The origins of the Southern Highland Craft Guild go back to 1895, when the Industrial Revolution’s disruption of the farming economy brought widespread poverty to Southern Appalachia.

Frances Goodrich, a missionary who traveled to the area and fell in love with Appalachian culture, set up what would soon be called Allanstand Cottage Industries to sell quilts, baskets, and other items sewn by local women.

Another arm of the craft revival began after the death of Olive Dame Campbell’s husband in 1919. After studying the folk schools of Scandinavia, she founded the John C. Campbell Folk School in 1925.  

It was Olive Campbell who had ideas about creating a cooperative craft collective, which became the Southern Highland Craft Guild in the 1930s. The SHCG has had a partnership with the US National Park Service for over 50 years now.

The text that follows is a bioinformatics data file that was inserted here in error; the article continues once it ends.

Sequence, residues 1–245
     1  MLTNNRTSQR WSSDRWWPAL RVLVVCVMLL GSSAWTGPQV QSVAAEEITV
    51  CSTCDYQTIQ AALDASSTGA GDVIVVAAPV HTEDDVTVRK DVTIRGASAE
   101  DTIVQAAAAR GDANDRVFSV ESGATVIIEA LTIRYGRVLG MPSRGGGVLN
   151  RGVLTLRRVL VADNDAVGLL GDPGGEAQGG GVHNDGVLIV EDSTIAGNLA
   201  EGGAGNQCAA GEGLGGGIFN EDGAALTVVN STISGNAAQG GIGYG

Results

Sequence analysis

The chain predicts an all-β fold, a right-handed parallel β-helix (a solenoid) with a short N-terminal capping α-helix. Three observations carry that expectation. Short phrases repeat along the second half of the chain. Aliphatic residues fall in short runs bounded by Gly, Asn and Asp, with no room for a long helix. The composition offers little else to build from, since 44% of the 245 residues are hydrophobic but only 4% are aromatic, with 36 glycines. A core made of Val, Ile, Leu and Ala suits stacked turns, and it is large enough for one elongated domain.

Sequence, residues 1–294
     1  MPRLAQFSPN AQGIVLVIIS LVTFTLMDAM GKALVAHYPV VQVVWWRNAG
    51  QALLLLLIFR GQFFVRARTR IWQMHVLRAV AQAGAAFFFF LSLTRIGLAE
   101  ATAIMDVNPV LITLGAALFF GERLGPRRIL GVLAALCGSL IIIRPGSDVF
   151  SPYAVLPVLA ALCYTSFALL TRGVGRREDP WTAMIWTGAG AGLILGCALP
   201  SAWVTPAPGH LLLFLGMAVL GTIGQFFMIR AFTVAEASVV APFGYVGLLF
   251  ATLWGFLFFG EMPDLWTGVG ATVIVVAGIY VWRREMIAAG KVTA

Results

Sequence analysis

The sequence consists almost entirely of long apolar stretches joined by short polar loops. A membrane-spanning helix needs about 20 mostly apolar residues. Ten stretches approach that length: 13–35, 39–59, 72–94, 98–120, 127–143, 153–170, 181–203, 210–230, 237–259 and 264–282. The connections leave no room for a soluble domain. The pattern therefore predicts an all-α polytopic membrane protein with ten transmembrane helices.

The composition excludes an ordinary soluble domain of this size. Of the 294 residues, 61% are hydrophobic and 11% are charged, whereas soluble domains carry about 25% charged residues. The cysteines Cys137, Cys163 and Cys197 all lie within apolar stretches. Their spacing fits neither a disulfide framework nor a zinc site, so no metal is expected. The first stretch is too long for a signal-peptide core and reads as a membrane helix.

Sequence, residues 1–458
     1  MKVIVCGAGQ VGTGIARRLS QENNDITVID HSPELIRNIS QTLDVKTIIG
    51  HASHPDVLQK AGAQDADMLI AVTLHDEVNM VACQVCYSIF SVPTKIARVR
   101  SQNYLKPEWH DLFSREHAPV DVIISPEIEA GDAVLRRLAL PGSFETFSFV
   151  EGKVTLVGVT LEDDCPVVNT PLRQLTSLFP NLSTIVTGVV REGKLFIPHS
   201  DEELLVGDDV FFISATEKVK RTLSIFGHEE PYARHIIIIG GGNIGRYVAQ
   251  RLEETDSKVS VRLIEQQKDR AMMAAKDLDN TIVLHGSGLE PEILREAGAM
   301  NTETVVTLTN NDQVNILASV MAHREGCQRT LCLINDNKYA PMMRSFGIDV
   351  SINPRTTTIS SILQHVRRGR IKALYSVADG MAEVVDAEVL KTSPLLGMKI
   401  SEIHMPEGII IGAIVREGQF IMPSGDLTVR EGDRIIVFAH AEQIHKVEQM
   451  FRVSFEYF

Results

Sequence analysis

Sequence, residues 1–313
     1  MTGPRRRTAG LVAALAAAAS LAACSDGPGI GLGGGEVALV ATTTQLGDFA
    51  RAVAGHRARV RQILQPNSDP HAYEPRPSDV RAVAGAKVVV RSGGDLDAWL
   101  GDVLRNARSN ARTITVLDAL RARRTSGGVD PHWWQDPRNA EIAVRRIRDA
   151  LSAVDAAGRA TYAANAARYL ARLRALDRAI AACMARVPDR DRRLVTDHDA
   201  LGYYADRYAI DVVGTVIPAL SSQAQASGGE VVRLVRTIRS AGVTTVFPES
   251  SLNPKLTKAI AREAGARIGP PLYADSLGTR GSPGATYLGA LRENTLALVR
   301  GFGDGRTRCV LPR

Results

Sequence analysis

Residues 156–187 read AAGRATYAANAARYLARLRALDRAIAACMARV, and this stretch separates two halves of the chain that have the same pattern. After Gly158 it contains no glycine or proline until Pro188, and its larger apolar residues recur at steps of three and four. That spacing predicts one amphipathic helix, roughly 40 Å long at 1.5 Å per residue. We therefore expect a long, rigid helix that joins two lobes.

Their Asheville NC Folk Art Center was built in partnership with the NPS and the Appalachian Regional Commission in 1980, and now serves as the Southern Highland Craft Guild’s permanent headquarters. 

The Allanstand Craft Shop (which was founded in 1895) was also moved to the Folk Art Center from Asheville, and is nationally recognized as the oldest craft shop in America!

READ MORE: The 10 Best Small Towns Near Asheville NC

Traditional Appalachian Basketry at the Asheville Folk Art Center
Traditional Appalachian Basketry in the Main Gallery

Folk Art Center Main Gallery 

Located on the second floor of the Folk Art Center, the Main Gallery showcases traditional and contemporary arts and crafts by members of the Guild and affiliated organizations.

Though some historical elements (including woodwork, clay, fiber, jewelry, and more) are permanent, this gallery also hosts temporary exhibits that change every few months.